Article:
Locking In Our Future
By Douglas Fischer, Daily Climate editor
Welcome to the Anthropocene.
Decisions made today about planet-warming emissions will influence climate impacts not just for decades but for centuries and perhaps even millennia, a panel from the National Academy of Sciences warned Friday.
Given the longevity of carbon dioxide and other greenhouse gases in the atmosphere, these scientists said, these decisions effectively lock humanity in for a range of impacts, some of which can be "very severe."
"Emissions of carbon dioxide from the burning of fossil fuels have ushered in a new epoch where human activities will largely determine the evolution of Earth's climate," the scientists wrote.
"Actions taken during this century will determine whether the Anthropocene climate anomaly will be a relatively short term and minor deviation from the Holocene climate, or an extreme deviation extending over many thousands of years."
The 242-page report was sponsored by the Energy Foundation - a partnership of major foundations interested in clean energy - and the U.S. Environmental Protection Agency and was chaired by Susan Solomon, a senior scientist at the National Oceanic and Atmospheric Administration.
It attempts to quantify the impacts of various emissions targets, estimating changes in precipitation, stream flow, wildfires, crop yields and sea-level rise that can be expected with different degrees of warming. It also quantifies the average temperature increases expected if carbon dioxide were stabilized in the atmosphere at different levels.
Per one degree Celsius rise in temperature (or 1.8ºF), the report found:
- Five percent to 10 percent less rainfall in the Mediterranean, southern Africa and southwest North America.
- Five percent to 10 percent less stream flow in major river basins, including the Arkansas River and the Rio Grande.
- Five to 15 percent lower yields of some crops, including corn and wheat in the United States and Africa.
- Three percent to 10 percent increase in heavy rain storms across most land areas
- A two-fold to four-fold increase in area burned by wildfire in parts of western North America.
"There are a lot of lags in the climate system," Solomon said Friday during a press briefing. "Not only are we committing to future impact, but we're committing to impacts that are bigger than we anticipated at the time we emitted them."
The report highlights recent scientific progress in the understanding how global warming affects precipitation patterns, heat waves, stream flow, sea ice retreat, crop yields, coral bleaching, and sea level rise. "This increased confidence provides direct scientific support for evaluating the implications of different stabilization targets," the authors noted.
What's notable, however, is the permanence of the change. Carbon dioxide hangs in the air for centuries. "It gives new weight to decisions we make," said Katherine Hayhoe, a climate researcher at Texas Tech University, who was also an author of the report.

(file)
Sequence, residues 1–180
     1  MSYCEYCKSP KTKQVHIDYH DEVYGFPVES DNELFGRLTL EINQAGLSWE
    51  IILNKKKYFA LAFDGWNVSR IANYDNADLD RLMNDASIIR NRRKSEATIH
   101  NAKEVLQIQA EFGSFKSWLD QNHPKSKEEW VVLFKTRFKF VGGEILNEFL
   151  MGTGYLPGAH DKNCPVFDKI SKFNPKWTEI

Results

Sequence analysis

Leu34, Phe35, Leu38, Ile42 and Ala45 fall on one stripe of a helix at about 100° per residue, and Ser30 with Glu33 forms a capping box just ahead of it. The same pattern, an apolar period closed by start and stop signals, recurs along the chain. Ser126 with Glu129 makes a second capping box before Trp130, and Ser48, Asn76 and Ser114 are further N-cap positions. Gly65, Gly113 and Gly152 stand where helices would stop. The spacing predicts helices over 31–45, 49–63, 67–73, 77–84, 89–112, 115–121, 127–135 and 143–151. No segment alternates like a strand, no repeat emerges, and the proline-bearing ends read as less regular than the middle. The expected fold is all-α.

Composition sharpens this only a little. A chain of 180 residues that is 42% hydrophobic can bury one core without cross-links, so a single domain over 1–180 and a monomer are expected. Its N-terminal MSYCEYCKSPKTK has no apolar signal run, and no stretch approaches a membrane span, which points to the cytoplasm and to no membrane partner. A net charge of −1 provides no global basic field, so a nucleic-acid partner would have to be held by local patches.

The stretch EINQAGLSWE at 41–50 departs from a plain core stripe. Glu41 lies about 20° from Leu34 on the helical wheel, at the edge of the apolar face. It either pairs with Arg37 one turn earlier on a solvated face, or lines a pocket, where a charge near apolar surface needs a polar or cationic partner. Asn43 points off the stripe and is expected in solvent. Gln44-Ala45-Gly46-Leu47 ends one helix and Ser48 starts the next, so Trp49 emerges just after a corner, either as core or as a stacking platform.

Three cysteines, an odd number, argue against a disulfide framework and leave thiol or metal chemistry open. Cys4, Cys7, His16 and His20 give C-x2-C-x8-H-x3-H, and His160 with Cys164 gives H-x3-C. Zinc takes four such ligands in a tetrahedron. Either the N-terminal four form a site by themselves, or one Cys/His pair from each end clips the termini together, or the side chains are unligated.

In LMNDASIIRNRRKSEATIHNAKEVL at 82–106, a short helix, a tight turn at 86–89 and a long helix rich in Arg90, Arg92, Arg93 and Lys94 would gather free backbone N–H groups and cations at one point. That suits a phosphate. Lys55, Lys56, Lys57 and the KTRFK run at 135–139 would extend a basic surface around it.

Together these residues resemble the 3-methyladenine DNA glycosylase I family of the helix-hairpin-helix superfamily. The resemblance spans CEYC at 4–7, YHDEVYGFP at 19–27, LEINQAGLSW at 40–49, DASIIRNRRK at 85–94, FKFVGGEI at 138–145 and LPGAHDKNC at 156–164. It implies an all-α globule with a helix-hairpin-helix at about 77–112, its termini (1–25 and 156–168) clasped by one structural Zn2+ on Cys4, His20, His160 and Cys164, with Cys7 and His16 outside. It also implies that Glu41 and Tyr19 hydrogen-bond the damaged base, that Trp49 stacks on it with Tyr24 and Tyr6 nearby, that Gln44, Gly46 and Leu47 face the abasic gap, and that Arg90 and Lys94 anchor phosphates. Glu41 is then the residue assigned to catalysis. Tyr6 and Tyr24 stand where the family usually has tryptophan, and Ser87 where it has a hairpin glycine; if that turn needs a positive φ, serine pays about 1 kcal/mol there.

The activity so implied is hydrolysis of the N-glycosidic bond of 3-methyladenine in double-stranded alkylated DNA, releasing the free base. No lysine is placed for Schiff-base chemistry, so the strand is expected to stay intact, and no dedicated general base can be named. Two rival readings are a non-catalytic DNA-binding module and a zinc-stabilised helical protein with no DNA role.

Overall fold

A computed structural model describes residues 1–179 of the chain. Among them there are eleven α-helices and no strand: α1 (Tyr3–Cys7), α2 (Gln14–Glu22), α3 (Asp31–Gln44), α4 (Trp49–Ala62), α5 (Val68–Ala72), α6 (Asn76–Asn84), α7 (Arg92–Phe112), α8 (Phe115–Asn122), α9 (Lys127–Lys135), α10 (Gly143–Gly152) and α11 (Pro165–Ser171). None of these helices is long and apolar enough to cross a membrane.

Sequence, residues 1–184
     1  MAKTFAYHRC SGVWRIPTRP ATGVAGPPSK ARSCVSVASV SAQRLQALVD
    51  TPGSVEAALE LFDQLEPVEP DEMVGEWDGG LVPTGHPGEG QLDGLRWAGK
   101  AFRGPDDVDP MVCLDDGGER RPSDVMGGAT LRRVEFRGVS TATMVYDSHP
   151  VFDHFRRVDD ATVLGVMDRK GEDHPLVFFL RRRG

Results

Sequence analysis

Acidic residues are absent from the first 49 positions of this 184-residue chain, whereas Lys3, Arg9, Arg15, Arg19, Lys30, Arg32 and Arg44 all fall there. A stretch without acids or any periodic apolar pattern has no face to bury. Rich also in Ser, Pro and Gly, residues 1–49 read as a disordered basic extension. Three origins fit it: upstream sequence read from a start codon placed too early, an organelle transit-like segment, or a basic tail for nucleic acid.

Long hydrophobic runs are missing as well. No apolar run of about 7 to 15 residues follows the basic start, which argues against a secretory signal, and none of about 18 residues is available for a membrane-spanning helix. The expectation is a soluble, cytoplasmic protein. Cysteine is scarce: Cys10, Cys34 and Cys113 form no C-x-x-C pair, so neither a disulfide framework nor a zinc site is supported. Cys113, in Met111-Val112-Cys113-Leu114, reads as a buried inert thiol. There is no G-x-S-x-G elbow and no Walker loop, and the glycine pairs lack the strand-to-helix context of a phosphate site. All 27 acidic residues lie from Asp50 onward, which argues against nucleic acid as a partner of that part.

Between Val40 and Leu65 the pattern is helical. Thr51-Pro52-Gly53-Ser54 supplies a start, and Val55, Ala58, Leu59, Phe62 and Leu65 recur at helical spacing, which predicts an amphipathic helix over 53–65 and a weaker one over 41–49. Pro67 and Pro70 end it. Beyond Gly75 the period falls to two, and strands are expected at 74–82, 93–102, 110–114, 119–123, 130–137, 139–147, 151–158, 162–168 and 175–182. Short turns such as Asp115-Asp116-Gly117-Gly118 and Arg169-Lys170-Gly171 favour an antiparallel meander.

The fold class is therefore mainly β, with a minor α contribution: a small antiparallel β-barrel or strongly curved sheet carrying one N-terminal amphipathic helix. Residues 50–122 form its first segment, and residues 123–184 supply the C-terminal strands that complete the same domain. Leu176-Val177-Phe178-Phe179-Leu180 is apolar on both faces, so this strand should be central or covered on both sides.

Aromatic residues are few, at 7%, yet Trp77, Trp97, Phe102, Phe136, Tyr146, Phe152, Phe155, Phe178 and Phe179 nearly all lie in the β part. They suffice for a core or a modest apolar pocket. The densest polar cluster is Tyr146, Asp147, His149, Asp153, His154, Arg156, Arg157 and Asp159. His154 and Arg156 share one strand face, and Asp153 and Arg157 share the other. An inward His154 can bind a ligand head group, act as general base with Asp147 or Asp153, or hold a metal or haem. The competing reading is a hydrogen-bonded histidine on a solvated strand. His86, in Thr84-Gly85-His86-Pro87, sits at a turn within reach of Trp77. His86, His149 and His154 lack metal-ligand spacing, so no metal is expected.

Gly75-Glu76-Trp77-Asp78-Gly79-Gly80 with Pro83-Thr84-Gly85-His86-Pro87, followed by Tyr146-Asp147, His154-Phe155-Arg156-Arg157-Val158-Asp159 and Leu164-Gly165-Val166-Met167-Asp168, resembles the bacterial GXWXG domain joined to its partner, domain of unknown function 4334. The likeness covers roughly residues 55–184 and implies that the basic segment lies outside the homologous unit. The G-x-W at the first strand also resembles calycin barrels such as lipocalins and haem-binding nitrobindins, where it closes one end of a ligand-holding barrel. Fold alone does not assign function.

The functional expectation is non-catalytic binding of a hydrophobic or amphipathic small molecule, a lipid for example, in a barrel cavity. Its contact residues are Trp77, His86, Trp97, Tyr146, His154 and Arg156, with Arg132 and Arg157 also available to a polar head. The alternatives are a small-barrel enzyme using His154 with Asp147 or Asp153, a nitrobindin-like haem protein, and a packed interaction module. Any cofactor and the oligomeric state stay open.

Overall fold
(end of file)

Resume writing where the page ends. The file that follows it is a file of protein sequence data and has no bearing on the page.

"I know it could affect my health and that it could even affect my children. But what we don't consider is that it could affect our great-great-great-great grandchildren for generations to come."
Solomon compared it to diet: "If I knew that every pound of cheesecake that I ate would give me a pound that could never be lost, I think I would eat a lot less cheesecake."
Average temperatures across the globe have risen about 1.6ºC, or 0.9ºF, since the 1880s and today are rising about half a degree Celsius per decade, or 0.3ºF, according to various assessments. The atmospheric concentration of carbon dioxide stands today at about 390 parts per million, the highest in 800,000 years and about 35 percent higher than pre-industrial levels.
Depending on emissions rates, today's level could double or nearly triple by the end of this century, greatly amplifying human impacts on climate, the report said.
And while that carbon is leading to impacts that are, in some instances, already being felt, scientists warn that the more pernicious - and significant - impact comes from the lag time associated with pumping that carbon skyward.
Higher cumulative carbon emissions result in both a higher peak warming and a longer duration of warming. The duration is particularly critical, the report said, because an extended warming period offers more time for Earth systems that respond very slowly - such as the deep oceans and the great ice sheets - to assert themselves, even very long after anthropogenic emissions have ceased.
Once the Greenland ice sheets and the Arctic summer ice cap go, in other words, humanity may not see them again for thousands of years, no matter how radically industrial emissions are cut, the scientists warned.
"The sea level rise implications of the Anthropocene could lead to major changes in the geography of the Earth over the coming millennia," the scientists wrote. "Widespread coastal inundation would be expected if anthropogenic warming of several degrees is sustained for millennia; while these slow changes allow time for adaptation, they are essentially irreversible."
While the report laid out a number of different scenarios based on emissions targets, the authors took pains to avoid any recommendations. Choosing an emissions target is ultimately a political decision, not a scientific one, the scientists said.
Even if the stakes are high.
"You have to view climate change as a very personal risk analysis," Solomon said. "Some people might feel differently about the risk of big numbers than others."
DailyClimate.org is a nonprofit news service that covers climate change. This work by The Daily Climate is licensed under a Creative Commons Attribution-No Derivative Works 3.0 United States License.
For more information on The National Academies' findings see Climate Stabilization Targets: Emissions, Concentrations, and Impacts Over Decades to Millennia (2010).